William, a 9-year-old from Escondido, California, was a writer and actor in the production of a Creative Lab play entitled A Tale of Five Friends. His mother, Jackie, was impressed at the range of skills he practiced throughout the process. “The program gave him opportunities to not only connect with other students in a live format but, more importantly, to assist in writing, and develop his critical thinking and social skills.”

The Minecraft play allows the blossoming dramatists to practice a variety of theater-specific skills and, perhaps more importantly, learn some valuable lessons about collaboration and conflict resolution.

“I think having the kids work together on a project helps them grow together and learn more about each other. During the days leading up to the final performance, there were times when I could tell the kids were frustrated or stressed out because their deadlines were approaching. But that was the time when I really saw them focus and have constructive discussions about how they want the play to proceed,” said Congjuico.

The growth of William’s skill at managing disputes became most apparent to Congjucia during the frantic final moments of the dress rehearsal. “Will and Alex [another camper] came in and instantly took charge. I was pretty surprised at how well and how calmly they handled conflicts between the kids. Or how well they encouraged the kids to do their best and focus. I didn’t really know kids this age were capable of that.”

Jackie sees the benefit in letting her son take ownership of his social interactions. “As a parent, I have learned to take a step back and permit William to resolve most conflicts on his own. Of course, if he needs my intervention, he knows Mom and Dad are there for him.”

A Family Affair

Community involvement also ripples out to the campers’ families. Congjuico strives to include parents in the production by keeping open channels of email communication, and encouraging them to help their kids rehearse lines.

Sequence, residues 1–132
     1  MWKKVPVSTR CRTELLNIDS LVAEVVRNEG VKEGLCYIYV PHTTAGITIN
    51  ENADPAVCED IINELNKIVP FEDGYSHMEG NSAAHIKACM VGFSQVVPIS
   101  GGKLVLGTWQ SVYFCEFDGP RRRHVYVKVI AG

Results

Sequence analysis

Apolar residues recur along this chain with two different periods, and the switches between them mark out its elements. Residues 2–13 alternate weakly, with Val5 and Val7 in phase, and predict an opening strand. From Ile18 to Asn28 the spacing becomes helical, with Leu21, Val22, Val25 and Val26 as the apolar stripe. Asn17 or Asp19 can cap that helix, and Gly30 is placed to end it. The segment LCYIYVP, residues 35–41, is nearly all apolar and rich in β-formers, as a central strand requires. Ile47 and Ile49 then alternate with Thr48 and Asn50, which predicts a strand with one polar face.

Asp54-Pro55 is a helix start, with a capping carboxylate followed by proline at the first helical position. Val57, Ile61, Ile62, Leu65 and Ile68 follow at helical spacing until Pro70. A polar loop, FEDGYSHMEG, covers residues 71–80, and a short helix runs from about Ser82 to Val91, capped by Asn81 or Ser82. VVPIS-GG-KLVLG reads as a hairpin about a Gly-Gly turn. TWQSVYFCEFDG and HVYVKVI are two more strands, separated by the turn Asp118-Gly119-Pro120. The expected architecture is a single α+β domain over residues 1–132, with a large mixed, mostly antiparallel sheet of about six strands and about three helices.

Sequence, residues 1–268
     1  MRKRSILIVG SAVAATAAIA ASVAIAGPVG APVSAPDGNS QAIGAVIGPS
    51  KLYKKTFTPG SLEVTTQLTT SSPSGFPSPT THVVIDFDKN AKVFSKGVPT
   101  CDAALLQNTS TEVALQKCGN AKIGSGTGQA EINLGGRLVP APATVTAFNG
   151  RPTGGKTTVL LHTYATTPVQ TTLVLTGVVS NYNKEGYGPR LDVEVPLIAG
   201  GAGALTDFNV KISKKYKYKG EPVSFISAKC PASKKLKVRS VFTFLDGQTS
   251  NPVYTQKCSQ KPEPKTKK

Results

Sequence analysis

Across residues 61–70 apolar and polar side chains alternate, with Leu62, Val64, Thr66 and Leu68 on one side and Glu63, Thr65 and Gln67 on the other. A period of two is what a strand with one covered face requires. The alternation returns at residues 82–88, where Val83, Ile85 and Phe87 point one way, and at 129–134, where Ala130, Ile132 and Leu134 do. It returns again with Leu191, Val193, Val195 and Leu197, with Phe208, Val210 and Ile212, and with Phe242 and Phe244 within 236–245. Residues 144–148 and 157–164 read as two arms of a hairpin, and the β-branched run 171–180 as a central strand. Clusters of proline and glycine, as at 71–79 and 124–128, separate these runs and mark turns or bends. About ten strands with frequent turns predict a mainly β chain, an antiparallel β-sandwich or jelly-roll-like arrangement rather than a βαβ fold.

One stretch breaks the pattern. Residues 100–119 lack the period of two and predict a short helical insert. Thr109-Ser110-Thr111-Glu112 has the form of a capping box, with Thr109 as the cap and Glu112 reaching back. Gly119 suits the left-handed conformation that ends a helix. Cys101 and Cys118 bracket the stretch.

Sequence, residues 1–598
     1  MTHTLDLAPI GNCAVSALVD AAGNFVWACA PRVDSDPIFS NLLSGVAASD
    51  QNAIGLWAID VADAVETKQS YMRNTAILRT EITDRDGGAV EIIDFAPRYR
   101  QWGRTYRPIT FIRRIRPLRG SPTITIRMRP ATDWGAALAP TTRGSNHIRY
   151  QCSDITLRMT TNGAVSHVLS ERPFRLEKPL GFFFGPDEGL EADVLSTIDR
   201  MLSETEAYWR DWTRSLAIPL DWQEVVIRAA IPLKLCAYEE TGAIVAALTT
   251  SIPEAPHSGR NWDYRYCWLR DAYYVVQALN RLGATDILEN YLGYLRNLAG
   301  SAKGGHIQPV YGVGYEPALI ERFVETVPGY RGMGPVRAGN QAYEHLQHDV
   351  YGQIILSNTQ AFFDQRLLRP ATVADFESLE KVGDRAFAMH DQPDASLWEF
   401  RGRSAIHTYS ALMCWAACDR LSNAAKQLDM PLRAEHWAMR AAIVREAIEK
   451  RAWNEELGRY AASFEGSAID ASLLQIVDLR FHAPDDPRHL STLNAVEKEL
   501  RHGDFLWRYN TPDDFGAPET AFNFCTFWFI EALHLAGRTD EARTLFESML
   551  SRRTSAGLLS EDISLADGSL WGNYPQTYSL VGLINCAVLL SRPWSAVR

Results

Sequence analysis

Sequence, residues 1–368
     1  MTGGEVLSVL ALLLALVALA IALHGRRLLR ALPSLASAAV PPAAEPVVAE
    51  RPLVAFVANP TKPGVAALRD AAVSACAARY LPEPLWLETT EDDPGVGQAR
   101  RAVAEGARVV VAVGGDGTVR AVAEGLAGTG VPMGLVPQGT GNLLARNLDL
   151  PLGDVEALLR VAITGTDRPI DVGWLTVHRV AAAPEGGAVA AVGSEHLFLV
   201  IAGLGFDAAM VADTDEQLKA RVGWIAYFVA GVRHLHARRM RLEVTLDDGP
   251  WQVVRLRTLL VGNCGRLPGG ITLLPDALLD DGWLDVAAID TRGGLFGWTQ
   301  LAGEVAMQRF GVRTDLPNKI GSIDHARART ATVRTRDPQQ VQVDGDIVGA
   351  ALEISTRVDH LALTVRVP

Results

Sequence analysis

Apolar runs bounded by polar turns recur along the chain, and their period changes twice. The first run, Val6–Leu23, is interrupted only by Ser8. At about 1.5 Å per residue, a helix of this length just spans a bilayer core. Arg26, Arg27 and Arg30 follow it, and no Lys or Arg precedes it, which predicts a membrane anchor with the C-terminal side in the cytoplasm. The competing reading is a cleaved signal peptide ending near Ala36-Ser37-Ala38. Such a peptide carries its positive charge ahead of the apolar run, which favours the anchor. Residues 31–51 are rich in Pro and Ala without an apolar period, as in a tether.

“I thought it was nice that some parents were super responsive when I asked them questions about their child who had a role to play. And when I sent out the script to the parents and asked them to review their kid’s lines with them, my next session would be filled with kids who had prepared and it made it that much easier for me,” said Congjuico. “Emailing the parents’ to help their kids with the play also involved getting the parents’ excited about it. When the parents’ are excited, the kids are too.”

Enlisting parents to participate not only furthers the production, but also leads to some memorable family bonding. “While he practiced for the Minecraft plays, I would take part in helping him work through his lines. I have loved watching him interact with the other campers during their rehearsals,” said Jackie.

More than merely a player, William’s growth within the Creative Lab theatrical community has been a fruitful rehearsal for the larger stage of the world. Jackie notes that the lessons her son has learned while working online with his fellow campers have yielded positive results in other aspects of his life. “He has had a tremendously positive experience. He feels much more confident with himself and interacting with kids at school.”

The final and essential ingredient of theatrical community is, of course, the audience. The Minecraft plays can be viewed live, but the performances are also recorded so that they can be saved, rewatched, and shared.